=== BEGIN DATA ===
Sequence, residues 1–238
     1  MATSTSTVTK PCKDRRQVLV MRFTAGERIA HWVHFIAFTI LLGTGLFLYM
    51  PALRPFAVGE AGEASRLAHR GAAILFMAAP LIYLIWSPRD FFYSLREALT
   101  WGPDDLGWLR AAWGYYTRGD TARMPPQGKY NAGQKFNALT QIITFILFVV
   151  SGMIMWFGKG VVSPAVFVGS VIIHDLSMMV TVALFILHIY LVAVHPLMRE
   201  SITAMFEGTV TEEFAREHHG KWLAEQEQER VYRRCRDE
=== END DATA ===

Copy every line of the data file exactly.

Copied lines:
Sequence, residues 1–238
     1  MATSTSTVTK PCKDRRQVLV MRFTAGERIA HWVHFIAFTI LLGTGLFLYM
    51  PALRPFAVGE AGEASRLAHR GAAILFMAAP LIYLIWSPRD FFYSLREALT
   101  WGPDDLGWLR AAWGYYTRGD TARMPPQGKY NAGQKFNALT QIITFILFVV
   151  SGMIMWFGKG VVSPAVFVGS VIIHDLSMMV TVALFILHIY LVAVHPLMRE
   201  SITAMFEGTV TEEFAREHHG KWLAEQEQER VYRRCRDE